4) Vegan Diets are Too Expensive
If you wander the grocery store these days you’ll notice a variety of new vegan friendly products. They have vegan cheese, butter, cookies, mayonnaise, and meat alternatives. If all you’re eating are those processed vegan food items that come in a box, yes, it can get quite expensive. However, these probably aren’t the best items to base your diet on anyways.
Following a traditional vegan diet that’s based on fruit, vegetables, nuts, and whole grains is actually quite affordable. Meat tends to be one of the most expensive line items in an omnivore's diet. Meanwhile, whole grains like quinoa, farro, bulgur and barley can be purchased fairly cheaply from the bulk section of many stores. And, you can supplement some of your fruits and vegetables by buying frozen, to trim back on the budget a little.
5) You Need Milk and Dairy to Get Calcium for Strong Bones
The dairy industry has been very successful at convincing us of the importance of milk for calcium and strong bones. Sure, dairy is a great source of calcium, but it’s not the only one.
One cup of cooked soybeans is able to provide almost 20% of the reference daily intake (RDI) of calcium. Plus, soybeans are a complete protein, providing all 9 essential amino acids. Beans, lentils, nuts and seeds also provide calcium, as well as various leafy green vegetables.
However, some leafy green vegetables do contain oxalates which can bind to calcium in your gut, reducing absorption. These high oxalate veggies include spinach, beet greens and chard. Instead, you can choose calcium rich veggies, with low oxalate, like broccoli.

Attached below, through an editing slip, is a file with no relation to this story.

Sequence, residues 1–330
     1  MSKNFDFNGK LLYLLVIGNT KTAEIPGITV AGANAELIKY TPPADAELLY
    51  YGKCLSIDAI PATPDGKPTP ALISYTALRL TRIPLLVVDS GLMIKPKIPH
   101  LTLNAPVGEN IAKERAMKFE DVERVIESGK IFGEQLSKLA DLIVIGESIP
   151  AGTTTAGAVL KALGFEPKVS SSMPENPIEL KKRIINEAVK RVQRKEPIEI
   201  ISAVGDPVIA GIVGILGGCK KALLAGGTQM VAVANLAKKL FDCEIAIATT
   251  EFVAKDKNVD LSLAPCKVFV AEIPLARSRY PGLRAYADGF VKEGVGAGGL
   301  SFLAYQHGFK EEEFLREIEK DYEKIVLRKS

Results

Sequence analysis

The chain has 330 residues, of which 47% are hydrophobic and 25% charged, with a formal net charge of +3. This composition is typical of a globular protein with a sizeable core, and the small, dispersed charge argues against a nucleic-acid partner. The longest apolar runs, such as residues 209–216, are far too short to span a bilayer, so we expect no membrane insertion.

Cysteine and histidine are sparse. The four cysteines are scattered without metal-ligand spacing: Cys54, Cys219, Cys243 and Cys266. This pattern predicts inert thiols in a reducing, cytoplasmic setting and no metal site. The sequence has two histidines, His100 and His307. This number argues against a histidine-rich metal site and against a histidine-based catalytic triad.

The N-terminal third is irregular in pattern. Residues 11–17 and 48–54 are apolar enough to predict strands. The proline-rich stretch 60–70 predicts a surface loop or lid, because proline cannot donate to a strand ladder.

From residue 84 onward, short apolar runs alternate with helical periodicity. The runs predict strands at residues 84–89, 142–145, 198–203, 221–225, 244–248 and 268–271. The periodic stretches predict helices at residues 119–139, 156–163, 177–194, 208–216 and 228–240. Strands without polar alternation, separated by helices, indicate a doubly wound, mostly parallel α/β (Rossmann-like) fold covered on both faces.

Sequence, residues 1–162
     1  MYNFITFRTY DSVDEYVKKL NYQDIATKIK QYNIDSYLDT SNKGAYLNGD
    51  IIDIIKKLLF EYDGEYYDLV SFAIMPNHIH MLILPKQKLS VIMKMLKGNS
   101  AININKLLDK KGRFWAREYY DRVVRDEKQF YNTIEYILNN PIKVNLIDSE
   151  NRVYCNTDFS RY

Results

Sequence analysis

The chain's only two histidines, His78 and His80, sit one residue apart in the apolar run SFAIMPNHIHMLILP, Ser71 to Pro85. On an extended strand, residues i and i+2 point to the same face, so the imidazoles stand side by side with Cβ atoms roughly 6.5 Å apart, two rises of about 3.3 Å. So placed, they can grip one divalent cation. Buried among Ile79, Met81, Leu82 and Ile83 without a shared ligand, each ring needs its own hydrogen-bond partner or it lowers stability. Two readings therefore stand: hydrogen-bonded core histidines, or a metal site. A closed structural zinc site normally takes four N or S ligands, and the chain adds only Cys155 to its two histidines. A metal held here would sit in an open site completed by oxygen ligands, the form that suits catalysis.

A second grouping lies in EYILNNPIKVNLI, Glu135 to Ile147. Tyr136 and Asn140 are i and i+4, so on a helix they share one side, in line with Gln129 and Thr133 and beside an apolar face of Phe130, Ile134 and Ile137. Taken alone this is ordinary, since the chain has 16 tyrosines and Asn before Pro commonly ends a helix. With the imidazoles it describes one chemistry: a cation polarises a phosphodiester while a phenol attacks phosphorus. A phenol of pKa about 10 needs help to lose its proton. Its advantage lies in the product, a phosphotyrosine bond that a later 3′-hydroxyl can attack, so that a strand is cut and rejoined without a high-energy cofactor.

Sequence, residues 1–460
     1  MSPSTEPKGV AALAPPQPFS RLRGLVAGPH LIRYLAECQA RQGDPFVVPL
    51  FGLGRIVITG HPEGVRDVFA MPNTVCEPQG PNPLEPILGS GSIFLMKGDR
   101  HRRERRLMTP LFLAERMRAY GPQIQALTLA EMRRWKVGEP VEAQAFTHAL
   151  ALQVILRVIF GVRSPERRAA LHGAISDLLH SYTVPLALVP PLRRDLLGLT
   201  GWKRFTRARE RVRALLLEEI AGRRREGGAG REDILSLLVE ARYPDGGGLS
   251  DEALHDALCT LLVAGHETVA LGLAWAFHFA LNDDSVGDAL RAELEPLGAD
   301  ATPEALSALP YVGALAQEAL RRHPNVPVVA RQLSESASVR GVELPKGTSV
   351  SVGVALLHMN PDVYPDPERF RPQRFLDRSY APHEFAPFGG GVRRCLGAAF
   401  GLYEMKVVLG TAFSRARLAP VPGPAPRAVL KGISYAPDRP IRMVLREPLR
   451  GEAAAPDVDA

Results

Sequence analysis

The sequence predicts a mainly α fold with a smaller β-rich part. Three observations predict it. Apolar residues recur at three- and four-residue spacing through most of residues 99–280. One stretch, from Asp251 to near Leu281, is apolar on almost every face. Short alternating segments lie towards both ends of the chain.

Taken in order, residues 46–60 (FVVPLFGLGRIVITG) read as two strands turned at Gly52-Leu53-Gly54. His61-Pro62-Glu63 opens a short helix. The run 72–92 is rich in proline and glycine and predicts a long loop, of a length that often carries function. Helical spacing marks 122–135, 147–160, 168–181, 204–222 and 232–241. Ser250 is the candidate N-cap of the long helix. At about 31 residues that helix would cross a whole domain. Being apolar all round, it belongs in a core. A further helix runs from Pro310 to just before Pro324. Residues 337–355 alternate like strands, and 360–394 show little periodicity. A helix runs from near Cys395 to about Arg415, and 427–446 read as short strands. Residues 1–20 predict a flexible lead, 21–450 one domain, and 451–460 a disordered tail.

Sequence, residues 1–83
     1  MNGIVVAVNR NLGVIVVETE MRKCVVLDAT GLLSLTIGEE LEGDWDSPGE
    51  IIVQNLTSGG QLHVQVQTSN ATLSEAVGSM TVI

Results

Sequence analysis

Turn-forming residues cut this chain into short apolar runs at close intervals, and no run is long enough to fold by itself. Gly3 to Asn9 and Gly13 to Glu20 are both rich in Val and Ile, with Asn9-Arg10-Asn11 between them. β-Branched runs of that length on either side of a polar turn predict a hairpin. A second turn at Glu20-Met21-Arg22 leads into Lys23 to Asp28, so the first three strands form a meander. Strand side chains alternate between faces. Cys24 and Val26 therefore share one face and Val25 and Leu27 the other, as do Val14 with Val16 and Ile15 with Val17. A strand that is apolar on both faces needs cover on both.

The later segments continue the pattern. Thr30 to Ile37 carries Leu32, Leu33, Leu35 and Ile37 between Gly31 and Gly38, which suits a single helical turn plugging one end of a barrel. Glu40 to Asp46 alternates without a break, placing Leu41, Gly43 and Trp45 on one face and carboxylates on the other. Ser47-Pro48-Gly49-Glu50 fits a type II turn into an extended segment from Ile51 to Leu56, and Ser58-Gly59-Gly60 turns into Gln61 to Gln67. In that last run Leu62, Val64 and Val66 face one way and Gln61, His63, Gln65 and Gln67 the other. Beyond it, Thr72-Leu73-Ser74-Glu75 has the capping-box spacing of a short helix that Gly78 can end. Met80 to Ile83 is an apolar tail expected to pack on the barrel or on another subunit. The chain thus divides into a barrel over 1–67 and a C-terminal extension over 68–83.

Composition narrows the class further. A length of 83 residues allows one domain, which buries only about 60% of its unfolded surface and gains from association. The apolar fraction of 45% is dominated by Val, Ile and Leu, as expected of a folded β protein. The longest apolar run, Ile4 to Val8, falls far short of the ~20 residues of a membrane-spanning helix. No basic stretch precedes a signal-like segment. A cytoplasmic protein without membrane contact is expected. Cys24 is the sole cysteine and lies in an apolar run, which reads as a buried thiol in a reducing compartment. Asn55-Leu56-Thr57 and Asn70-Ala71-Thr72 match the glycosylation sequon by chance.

Also, don’t forget that both orange juice and almond milk are fortified with calcium too.
6) Soy Causes Cancer and is Bad for You
The myth connecting soy and cancer is related to estrogen. An increase in the circulation of estrogen is linked to an increased risk for breast cancer, and soy contains phytoestrogens, which resemble estrogen in their composition. But that doesn’t mean phytoestrogens are a bad thing, or that they cause cancer. Some studies have actually shown some phytoestrogens can actually have anti-estrogenic protective effects, and possibly lower the risk of cancer.
If you are eating a vegan diet, it’s still a good idea to vary your diet, and to not rely entirely on soy for your protein needs.
7) Going Vegan is Too Difficult
Changing your diet always has its challenges. It requires you to learn about new foods or recipes that you might not be familiar with. There’s a learning curve anytime you choose to alter your typical behaviors or habits. But, if you’re interested in going vegan, there’s never been an easier time to do it. Aside from the proliferation of vegan oriented food products popping up on grocery shelves everywhere, the internet is full of resources and recipes for vegans.
Going vegan might not be for everybody. But if you’re interested in trying it out, you can start by reducing the amount of animal products you consume. Then, as you become more familiar with your new eating habits, and recipes, you can transition to becoming full vegan.